my father took a ride on Hitler’s yacht

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After my father passed away a couple of years ago, we were looking through some of the old photo albums my sister had found.

One of the albums was a bunch of snapshots that he’d collected from when he was serving in the military.

It was filled with pictures of him working on vehicles and goofing around with his other soldier friends.

He was in the Army immediately after the war ended…sent to Germany as part of the occupied forces.

It’s strange to imagine how a young Norwegian farm kid from Montana ended up in Germany…but there he was.

One of the pictures was kind of confusing until I heard some of the back story.

It was a picture of a big boat with swastikas painted on the side.

You don’t see many boats like that these days.

My sister said that it was Hitler’s yacht…and that the service men were able to take rides on it.

I can say that my father was invited to take a ride on Hitler’s yacht…but I’d have to make sure and explain the context, otherwise it might sound funny.

My father didn’t talk a lot about his time in the military.  I remember that he used to tell this one story about a cook that they had in his unit.  He said that the guy had survived the Bataan Death March…and that the Army was “taking care of him”.  I guess this fellow had kind of a “funny” sense of humor…and one of the things that used to really get him laughing was to offer one of the soldiers a tablespoon of hot sauce my Dad called “mexipep” covered in a little bit of gravy.  I guess that this cook got a kick out of seeing the guys sputter and run for a drink of water to put out the fire.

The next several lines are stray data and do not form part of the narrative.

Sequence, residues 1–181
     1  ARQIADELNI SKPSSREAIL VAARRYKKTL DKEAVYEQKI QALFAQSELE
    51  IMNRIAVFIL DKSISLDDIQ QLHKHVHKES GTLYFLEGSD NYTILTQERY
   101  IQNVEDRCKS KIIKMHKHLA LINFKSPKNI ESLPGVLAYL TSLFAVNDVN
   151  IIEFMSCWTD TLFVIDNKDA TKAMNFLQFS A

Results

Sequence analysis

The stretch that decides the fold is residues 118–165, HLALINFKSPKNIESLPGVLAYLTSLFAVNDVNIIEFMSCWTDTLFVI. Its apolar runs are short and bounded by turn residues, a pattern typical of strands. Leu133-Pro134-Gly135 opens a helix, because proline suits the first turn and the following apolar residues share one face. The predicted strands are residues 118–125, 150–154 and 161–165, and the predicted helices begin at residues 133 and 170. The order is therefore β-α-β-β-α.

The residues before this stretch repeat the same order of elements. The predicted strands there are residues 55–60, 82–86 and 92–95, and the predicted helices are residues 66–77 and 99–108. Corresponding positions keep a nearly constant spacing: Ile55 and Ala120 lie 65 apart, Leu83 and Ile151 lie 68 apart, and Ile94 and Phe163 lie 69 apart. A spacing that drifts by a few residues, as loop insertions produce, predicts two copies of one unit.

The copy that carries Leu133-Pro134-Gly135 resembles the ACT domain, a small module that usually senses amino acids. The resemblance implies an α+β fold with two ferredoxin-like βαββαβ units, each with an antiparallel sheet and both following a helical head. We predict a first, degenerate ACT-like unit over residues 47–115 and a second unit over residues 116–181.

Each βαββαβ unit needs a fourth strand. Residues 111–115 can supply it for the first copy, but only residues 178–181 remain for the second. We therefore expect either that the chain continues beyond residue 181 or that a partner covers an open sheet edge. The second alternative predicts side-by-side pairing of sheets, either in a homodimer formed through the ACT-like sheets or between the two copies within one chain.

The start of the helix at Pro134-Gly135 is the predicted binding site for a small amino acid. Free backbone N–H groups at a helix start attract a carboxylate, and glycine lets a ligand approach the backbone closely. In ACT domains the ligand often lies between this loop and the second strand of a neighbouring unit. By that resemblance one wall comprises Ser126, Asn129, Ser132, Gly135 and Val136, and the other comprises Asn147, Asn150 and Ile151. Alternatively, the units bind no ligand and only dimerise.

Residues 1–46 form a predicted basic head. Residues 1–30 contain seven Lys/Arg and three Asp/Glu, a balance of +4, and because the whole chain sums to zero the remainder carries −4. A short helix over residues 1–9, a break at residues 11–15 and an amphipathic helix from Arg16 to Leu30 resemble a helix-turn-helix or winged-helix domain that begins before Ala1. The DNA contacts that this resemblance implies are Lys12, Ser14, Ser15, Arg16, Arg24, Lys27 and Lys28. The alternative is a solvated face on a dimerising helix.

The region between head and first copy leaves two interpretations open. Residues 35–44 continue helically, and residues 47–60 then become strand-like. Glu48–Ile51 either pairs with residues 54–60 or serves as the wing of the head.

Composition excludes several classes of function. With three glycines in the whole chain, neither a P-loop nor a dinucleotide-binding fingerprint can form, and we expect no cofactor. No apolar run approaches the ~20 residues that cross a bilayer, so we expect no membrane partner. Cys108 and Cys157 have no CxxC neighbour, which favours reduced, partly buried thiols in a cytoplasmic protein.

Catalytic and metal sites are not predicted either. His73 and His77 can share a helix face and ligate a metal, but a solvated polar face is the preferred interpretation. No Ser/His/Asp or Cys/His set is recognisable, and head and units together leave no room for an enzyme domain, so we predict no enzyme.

I suppose that there are all sorts of stories from war-time.

Some are huge and heroic…tales of battle and survival.  Some are small and kind of funny.

My father’s heroism came later in his life…but that’s another story for another time.

Looking at his pictures in that album, it hits me ( like it must hit any child of a service man or woman when they get to see photos of their parent serving their country) that these people were young.

They were young men and women… just doing a job.

Some of the jobs were dangerous…some were quiet and steady…but they all added up to something big and important.

You don’t see many yachts in the harbors of the world with swastikas painted on the side these days.

On today’s Memorial Day, I’d have to say, “Thankyou” to all the people serving in the military who made it possible for me to say that.


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